The first thing to say is that I don't understand how it works either.  In, fact, I doubt there is anyone, or ever has been anyone, who truly understands how it works.  All I know is that we are encouraged to do it! 

In a way, I want to change the emphasis: don't do prayer; live prayerfully.  That seems to be the message that Paul was trying to get across.  He thought reading the scriptures was important for believers, and he was convinced that prayer was equally important.  The verses we've just read encourage us
  • to devote ourselves to prayer,
  • to prayer in every situation,
  • to watch out for things that need prayer,
  • to pray about all kinds of things,
  • and to always keep on praying.
If you think that means you need to spend the whole time on your knees, think again.  We're told to pray in the Spirit on all occasions: so whatever we're doing, we can maintain an on-going dialogue with God; while we're working, relaxing, eating, playing or whatever. 

Prayer is a very important part of our relationship with God.  All relationships rely on communication, and prayer is part of that two-way conversation.

Prayer is not about trying to get God to do things for us.  It's much more about talking things over with him, bringing our concerns to him and asking what he thinks.  It means giving ourselves time and space to listen to him.  We tend to go to God with a list of things for him to do, but he wants us to enjoy spending time with him.

There's no one prescribed way of doing prayer.  Just like our communication with other people, sometimes we chat, sometimes “we need to talk.”  Sometimes we need to write things down to get our thoughts across clearly, or even draw a diagram.  We're all different and find some ways of communicating more helpful than others.

We've all met people who are good with words and write very carefully worded prayers, and we rightly admire that ability.  We may even find them discouraging and say, “I could never write prayers like that.”  Here's some encouraging news: there are no qualifications or special abilities needed before you are allowed to pray. 

If you find yourself in difficulties, you don't have to say, “Almighty God, our loving heavenly father, I find myself in straightened circumstances and beseech you that you may send your gracious aid in this my hour of need.  Through Jesus Christ our Lord.  Amen.” You can say It as it is!  “Lord, I'm in a mess.  Help!”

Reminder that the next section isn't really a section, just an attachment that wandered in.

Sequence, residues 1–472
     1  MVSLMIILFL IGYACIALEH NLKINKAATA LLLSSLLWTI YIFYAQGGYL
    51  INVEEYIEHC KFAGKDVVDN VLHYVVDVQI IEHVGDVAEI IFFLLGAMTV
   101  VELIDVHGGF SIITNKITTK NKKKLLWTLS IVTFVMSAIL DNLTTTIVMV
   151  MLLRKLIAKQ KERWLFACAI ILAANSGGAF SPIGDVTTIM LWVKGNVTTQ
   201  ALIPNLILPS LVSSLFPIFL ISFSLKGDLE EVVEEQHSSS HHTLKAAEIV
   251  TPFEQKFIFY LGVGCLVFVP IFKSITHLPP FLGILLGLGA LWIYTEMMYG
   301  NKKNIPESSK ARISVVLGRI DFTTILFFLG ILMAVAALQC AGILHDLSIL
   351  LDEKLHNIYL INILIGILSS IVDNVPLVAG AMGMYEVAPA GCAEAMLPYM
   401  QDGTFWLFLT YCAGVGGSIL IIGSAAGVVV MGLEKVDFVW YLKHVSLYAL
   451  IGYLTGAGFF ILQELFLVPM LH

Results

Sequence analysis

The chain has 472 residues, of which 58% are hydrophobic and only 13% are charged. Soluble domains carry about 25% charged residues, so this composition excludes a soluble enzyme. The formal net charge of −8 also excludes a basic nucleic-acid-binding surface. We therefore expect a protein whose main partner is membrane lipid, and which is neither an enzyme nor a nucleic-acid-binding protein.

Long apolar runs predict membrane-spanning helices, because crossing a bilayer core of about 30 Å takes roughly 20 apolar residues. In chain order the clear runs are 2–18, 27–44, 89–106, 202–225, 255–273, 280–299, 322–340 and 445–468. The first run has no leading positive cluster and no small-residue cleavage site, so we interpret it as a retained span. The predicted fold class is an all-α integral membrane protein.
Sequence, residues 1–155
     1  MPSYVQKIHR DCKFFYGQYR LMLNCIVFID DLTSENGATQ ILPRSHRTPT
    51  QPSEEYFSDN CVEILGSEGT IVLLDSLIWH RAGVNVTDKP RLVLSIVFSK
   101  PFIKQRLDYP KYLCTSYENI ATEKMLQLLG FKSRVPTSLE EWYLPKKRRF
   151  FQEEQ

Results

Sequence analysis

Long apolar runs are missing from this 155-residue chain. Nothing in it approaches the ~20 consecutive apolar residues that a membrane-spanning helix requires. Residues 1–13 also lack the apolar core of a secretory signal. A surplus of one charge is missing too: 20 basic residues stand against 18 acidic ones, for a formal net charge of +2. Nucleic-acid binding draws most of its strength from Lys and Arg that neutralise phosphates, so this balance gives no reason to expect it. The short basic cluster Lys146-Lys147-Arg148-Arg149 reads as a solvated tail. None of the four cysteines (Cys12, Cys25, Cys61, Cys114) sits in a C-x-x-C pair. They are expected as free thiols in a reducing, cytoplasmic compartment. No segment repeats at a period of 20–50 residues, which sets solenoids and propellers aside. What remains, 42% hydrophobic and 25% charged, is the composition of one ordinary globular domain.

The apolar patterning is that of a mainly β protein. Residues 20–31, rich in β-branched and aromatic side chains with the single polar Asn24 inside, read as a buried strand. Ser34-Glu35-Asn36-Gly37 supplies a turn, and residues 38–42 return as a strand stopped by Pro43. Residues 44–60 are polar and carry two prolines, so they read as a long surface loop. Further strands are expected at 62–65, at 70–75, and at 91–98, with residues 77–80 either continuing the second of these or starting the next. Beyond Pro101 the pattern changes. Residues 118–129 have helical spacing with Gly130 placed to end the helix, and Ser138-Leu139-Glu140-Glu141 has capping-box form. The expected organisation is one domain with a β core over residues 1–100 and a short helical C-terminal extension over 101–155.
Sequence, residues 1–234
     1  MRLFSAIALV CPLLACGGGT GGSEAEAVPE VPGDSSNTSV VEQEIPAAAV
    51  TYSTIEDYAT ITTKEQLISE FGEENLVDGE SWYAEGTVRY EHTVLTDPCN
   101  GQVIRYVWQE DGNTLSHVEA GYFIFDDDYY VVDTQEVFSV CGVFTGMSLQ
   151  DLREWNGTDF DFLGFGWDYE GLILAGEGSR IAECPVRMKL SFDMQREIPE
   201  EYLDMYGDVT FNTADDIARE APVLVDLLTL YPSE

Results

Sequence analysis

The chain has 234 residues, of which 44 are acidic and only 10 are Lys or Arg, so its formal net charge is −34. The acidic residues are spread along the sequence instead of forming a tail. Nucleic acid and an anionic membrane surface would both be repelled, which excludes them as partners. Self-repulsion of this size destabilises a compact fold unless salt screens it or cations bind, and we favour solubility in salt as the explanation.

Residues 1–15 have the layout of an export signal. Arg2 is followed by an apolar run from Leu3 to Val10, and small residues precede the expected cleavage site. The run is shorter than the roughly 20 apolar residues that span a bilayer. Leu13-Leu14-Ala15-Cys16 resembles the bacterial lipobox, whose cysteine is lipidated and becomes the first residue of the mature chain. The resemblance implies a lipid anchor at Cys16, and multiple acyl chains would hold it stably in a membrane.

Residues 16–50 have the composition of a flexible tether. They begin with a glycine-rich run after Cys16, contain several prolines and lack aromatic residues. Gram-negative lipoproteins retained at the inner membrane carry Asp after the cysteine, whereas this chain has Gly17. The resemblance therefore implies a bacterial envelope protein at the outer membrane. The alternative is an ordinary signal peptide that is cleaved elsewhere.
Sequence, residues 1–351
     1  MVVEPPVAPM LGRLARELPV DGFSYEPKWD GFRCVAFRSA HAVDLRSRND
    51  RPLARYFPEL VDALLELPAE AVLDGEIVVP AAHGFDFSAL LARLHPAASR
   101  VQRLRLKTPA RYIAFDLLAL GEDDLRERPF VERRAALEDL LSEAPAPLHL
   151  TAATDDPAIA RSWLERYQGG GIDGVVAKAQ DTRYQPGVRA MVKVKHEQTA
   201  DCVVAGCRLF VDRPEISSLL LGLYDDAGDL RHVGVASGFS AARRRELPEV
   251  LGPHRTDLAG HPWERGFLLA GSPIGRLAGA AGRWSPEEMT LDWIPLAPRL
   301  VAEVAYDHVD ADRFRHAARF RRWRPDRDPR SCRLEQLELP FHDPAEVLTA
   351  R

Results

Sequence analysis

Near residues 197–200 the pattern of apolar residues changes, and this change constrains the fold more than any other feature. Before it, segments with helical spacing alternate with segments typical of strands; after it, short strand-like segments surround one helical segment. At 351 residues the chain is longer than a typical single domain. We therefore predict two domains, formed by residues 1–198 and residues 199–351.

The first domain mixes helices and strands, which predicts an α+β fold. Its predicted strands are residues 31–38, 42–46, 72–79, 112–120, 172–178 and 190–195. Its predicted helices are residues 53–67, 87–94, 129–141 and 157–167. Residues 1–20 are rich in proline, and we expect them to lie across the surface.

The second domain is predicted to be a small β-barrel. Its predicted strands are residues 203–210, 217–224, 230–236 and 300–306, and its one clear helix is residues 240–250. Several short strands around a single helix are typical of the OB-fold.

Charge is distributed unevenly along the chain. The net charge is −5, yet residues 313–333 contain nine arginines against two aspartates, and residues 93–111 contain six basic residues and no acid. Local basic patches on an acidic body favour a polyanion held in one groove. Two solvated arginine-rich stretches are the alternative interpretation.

In fact, you don't need words and don't even need to know how to pray! Paul said, 'We do not know what we ought to pray for, but the Spirit himself intercedes for us with wordless groans.' This is very encouraging to know when we're confronted with some of the things that come through our television news.  We can just go to God with the burden of what we feel: the Spirit knows how to use that.

In the verses we heard, there was another idea coupled with prayer: thankfulness.  Be thankful in prayer.  After all, God has made it possible for us to live in relationship with him and opened up this means of communication for us: he's listening!  Being thankful also implies a sense of expectation that he will respond positively.   And possibly, if we're focussed on giving thanks for what we have, we'll be less inclined to present him with a list of things we don't have.  Just a thought . . .

So, how does prayer work?  I don't know.  Is it helpful?  Yes it is.  Is it just for people of a certain disposition?  No, prayer is for everyone.  And now, we're all going to pray!

Baseline Discipleship


Micah 6:1-8


Micah was a contemporary of Isaiah, and his message was much the same – hardly surprising if they are both speaking on behalf of the same God to the same people. 

He foresees God's judgement of both Samaria and Jerusalem, representing the northern kingdom of Israel and the southern kingdom of Judah.  Their crimes?  Idolatry and injustice, false and meaningless religion, the strong oppressing the weak for personal gain. 

He foretells the time when Messiah will arise from Bethlehem and that he will rule over all.

In our passage, God lays his case before the people: he has done them only good.  Micah is devastated and asks what people can do to save themselves from God's judgement, and then sets down God's simple requirements of his people.

What I'm about to explore here is, in my opinion, the most important concept for anyone who claims to be a Christian: Baseline Discipleship.  The title implies very basic teaching, a setting forth of the bare-minimum that we need to do to be disciples of Christ, and so it is.  However the title doesn't really do the subject justice.  I could just as easily have called it ‘The Sum-total of Discipleship’ without making any extravagant claims.